As in much fiction, and occasionally in life, the set-up for Fat Pig, the Neil LaBute play at the Aurora, is simple, leading to complications that threaten that initially apparent simplicity.
Tom (Jud Williford) meets Helen (Liliane Klein) by chance in a fast-food lunch stop. A boyish, somewhat diffident junior exec, he finds himself tongue-tied with his new acquaintance, partly because she’s direct and a clever conversationalist, and partly because she’s big, overweight, and Tom doesn’t want to say the wrong thing. But the strands of friendship are there. They agree to meet again.
This tête-à-tête is contrasted with the life-in-a-terrarium at Tom’s office, which is constantly invaded by his coworker, basketball buddy and sometime friend Carter (Peter Ruocco), a wise-ass if there ever was one, and Jeannie (Alexandra Creighton), who works in accounting, used to go out with Tom, and is still wonders what happened between them, why they’re not already engaged.
As Tom and Helen begin to get close, there’s a stir in his office circle: where’s he spending his time and with whom? And when they—rather literally—pull it out of him, the hazing begins: Carter says he sympathizes—his mother was obese—but what’s his friend (and the butt of his practical jokes) doing, throwing away career and social opportunities on an obvious liability? And Jeannie, salty and desperate, wonders if he’s seeing a “fat bitch” just to hurt her.
And Helen has to wonder as well: Why is it always just the two of them? Why doesn’t Tom introduce her to his friends and let her show him off in her circle? He promises to take her to the company picnic on the Fourth—the only outdoor scene in an otherwise claustrophobically urban—not just urban but “downtown”—play, where what began with a halting dialogue peters out in the bright sun, with an awkward monologue by Tom, with Helen reduced to just listening.
The cast is very good at portraying their characters, in particular Liliane Klein (who’s played Helen before) and Jud Williford, who builds Tom’s facial tics of frustration, anxiety and indecision into a veritable score. Barbara Damashek, who’s directed other plays at Aurora and many others around the Bay, has directed Fat Pig well. And the production values, as usual for Aurora, are pretty high: Mikiko Uesugi’s set, Jim Cave’s lights, Maggie Whitaker’s costumes and Chris Houston’s sound design and original music.
LaBute’s play shows sensitivity and some insight into contemporary human relations—though that sounds like what it would be called at the office. The comedy of an otherwise almost bleak situation allows for a few good physical turns.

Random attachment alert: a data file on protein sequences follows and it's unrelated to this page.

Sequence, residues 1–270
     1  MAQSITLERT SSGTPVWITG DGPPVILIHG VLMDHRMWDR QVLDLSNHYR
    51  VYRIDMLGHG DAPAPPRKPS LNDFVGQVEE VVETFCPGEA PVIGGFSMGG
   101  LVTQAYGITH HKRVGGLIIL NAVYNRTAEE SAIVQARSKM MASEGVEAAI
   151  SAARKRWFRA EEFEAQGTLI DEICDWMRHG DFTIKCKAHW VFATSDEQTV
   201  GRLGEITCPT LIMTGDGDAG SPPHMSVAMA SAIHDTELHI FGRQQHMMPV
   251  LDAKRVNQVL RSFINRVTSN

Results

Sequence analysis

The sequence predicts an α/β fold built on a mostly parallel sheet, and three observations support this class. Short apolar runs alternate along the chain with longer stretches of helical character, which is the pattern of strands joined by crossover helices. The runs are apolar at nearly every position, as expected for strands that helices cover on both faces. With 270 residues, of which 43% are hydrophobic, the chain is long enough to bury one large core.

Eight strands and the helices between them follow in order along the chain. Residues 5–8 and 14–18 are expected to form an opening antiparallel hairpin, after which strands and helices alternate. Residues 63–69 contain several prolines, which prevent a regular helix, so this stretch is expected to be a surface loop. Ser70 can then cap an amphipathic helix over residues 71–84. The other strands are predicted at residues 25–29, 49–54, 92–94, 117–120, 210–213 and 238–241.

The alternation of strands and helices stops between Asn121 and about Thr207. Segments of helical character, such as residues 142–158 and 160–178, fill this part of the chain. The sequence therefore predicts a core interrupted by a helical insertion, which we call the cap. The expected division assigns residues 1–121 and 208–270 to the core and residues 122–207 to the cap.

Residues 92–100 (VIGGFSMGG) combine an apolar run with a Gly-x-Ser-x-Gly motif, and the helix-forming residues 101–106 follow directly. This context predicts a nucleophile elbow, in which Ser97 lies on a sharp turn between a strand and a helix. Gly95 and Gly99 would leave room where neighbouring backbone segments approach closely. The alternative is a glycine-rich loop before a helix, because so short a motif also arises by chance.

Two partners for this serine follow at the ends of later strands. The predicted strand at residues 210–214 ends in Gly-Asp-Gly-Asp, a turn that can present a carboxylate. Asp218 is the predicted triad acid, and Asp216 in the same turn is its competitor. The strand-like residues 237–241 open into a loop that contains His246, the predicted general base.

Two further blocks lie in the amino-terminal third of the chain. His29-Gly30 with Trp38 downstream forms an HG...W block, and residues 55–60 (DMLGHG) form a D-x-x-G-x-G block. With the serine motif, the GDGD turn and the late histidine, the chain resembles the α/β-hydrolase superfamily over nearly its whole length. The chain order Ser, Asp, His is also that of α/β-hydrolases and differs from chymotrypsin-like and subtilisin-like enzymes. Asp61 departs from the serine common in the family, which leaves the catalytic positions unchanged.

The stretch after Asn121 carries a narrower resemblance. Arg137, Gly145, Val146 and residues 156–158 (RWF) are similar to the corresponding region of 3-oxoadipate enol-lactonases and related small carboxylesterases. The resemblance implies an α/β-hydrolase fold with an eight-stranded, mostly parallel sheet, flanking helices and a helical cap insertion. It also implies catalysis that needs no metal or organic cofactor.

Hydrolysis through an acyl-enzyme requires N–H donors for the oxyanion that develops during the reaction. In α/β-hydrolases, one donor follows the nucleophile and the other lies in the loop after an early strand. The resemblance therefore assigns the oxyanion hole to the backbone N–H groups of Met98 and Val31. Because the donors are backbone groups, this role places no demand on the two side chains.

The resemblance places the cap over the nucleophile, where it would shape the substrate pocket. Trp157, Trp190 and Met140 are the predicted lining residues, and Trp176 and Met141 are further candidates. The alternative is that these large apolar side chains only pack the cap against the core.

But if Tom realizes his own fear and lack of character may drive him back to conformity, the uncomfortable norm, the audience finds itself left with that emptiness, ornamented by much exposition and a few comic routines that spoof the same, and not much else. In that sense, Carter wins: “It’s a joke, dude!”
Three-quarters of a century ago or so, George M. Cohan—who was much more than a Yankee Doodle Dandy—glibly defined the form of the commercial play, which Hollywood absorbed for the feature film: “Act one, send your hero up a tree; act two, throw rocks at him; act three, get him back on the ground again.” That formula’s adhered to by LaBute, a kind of parody , with a conclusion so abrupt, it has the effect of a quick blackout.
To recall another, much older American story somewhat parallel—one that spanned the media, from novel to stage to several film versions, An American Tragedy showed a boyish young man with no moral will, who drops a young working-class woman to consort with a rich one, committing a crime to cover his tracks. It gives the reader—or spectator—the sense of a complex of events, of society, not just the emptiness of the protagonist or the melodrama that unfolds because of it, but of how things work or don’t work, not just how a situation turns out. And that goes for the best of modern storytelling, since Balzac and Stendhal took the middling man as subject of their art.
In Fat Pig, a forlorn guy, caught in a vacant milieu, glimpses a dream beyond that sordid situation and realizes he
hasn’t the capacity to make it real. (How real it is, or could be, is criticized negatively only by Carter) So Tom must sink back, self-consciously, into a kind of nothingness, unable to commit.
That’s a lot of nothing, a lot of empty, but a surfeit of self-consciousness. It begs the question, but only to the extent of maybe wishing for a happy storybook—or Hollywood—ending, in which “the hero would save America and get the girl.”
There’s the basis for meaningful comedy—or melodrama—here, but, like so much contemporary theater that makes the rounds, it takes its cues from reruns of cable TV stuff at best. A lot of talk, a certain amount of sparkle, but nothing much really happens. Big moral themes, measured out in scant amounts, a synthetic purse turned inside out, a pigeon emerging instead of a dove.
Maybe Fat Pig can best be thought of as light fare for an Indian summer, if the weather holds.
Aurora Theatre, 2081 Addison St.
Thurs.–Sat. at 8 p. m., Sun. at 2 and 7 p.m.
through Dec. 6.